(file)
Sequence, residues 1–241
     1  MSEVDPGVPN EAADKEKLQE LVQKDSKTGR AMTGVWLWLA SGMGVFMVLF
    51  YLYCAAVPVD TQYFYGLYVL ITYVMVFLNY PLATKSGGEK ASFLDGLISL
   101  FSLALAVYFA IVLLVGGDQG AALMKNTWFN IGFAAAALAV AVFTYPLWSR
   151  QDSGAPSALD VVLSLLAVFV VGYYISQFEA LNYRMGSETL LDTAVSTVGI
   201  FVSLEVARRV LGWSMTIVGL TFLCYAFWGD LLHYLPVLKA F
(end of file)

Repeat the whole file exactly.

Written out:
Sequence, residues 1–241
     1  MSEVDPGVPN EAADKEKLQE LVQKDSKTGR AMTGVWLWLA SGMGVFMVLF
    51  YLYCAAVPVD TQYFYGLYVL ITYVMVFLNY PLATKSGGEK ASFLDGLISL
   101  FSLALAVYFA IVLLVGGDQG AALMKNTWFN IGFAAAALAV AVFTYPLWSR
   151  QDSGAPSALD VVLSLLAVFV VGYYISQFEA LNYRMGSETL LDTAVSTVGI
   201  FVSLEVARRV LGWSMTIVGL TFLCYAFWGD LLHYLPVLKA F